Eating a balanced diet

It is important to follow a varied and healthy diet. You can do this by:

  • Reducing your intake of high energy foods (high in sugar and fat) and sugary drinks
  • Eating at least 5 portions of different coloured fruit and vegetables a day
  • Eat less red and processed meats
  • Eating less salty foods and processed foods
  • Increase your fibre foods (whole grains, pulses, fruit and vegetables)
  • Limit your alcohol intake

Diet information

You may need to change the balance of your diet if you are undergoing cancer treatment and or are having problems with eating or unintentional weight loss. It is important to eat plenty of energy foods to help fight infection, minimise weight loss and improve your energy levels.

Advice can be found in the links below.

If you require a dietician referral, ask your GP to refer you to your local service.

You can also watch a video for nutrition advice during your cancer treatment. In the video below, Lorraine, a specialist oncology dietician at The Christie, talks about how cancer patients can be sure they're eating well during treatment.

Last updated: January 2022

Christie stories during the COVID-19 pandemic

During the COVID-19 pandemic, we're doing all we can to make sure patients get the treatment, information and support they need. Read some stories from our patients and staff to find out what The Christie is doing at this difficult time.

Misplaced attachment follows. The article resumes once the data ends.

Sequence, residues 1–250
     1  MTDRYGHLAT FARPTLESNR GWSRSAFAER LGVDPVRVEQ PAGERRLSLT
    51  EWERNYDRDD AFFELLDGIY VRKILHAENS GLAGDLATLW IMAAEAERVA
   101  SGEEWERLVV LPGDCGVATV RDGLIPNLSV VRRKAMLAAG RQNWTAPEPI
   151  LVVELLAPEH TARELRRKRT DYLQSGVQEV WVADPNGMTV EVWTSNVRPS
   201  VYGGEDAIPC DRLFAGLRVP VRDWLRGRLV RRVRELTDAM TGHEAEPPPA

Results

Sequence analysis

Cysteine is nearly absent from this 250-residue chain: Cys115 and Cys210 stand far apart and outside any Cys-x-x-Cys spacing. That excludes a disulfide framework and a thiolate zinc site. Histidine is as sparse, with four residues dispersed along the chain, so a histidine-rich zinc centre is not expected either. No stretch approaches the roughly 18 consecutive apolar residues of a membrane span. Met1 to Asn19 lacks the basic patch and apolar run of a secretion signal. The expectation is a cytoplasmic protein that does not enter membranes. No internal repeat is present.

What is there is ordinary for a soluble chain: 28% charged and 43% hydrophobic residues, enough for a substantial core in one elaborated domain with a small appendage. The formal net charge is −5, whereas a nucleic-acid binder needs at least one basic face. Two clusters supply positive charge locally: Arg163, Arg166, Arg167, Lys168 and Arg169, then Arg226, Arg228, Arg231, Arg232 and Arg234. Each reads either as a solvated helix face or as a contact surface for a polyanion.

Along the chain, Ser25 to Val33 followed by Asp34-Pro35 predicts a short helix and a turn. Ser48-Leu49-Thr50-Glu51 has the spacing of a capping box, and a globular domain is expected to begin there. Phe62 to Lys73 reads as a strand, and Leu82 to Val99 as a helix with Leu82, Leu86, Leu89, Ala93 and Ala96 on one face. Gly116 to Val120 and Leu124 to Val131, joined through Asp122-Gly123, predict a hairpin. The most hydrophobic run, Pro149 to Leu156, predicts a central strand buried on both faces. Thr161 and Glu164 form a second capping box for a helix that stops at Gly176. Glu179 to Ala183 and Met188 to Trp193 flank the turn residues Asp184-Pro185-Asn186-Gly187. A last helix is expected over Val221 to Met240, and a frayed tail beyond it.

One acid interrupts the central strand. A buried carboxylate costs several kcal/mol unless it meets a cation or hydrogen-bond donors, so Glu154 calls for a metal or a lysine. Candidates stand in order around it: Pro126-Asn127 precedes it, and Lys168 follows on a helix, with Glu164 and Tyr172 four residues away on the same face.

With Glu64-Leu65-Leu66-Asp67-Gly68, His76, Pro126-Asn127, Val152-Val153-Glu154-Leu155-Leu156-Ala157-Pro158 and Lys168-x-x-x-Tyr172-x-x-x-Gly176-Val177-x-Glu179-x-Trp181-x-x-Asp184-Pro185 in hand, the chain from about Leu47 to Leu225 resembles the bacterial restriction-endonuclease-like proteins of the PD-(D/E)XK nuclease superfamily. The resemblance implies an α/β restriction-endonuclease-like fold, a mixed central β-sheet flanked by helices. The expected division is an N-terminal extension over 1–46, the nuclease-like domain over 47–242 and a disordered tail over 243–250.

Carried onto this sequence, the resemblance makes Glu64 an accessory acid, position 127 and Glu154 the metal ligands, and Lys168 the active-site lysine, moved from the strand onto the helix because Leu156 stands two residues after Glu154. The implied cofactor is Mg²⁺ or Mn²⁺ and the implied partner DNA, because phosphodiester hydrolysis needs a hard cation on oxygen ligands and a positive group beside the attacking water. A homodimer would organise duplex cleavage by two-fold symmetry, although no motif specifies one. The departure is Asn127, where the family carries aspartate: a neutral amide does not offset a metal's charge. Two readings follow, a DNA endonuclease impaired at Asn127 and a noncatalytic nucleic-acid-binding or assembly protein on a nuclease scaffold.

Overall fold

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Corinne Faivre Finn
“We have seen a lot of our research staff return to the office. This has massively improved morale as it is a lot easier to connect with people.”
Corinne Faivre-Finn, Christie consultant
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“The experience has allowed me to be able to hear what is not being said. The extraordinary strength and resilience of individuals as they greet you with a smile… when you are aware of the pain and anguish they will be going through.”
Digital services team, redeployed to telephone patients
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“Of course, the COVID-19 virus has not gone away – we have to be cautious and we have to proceed in an appropriate way.”
Professor John Radford, director of research at The Christie
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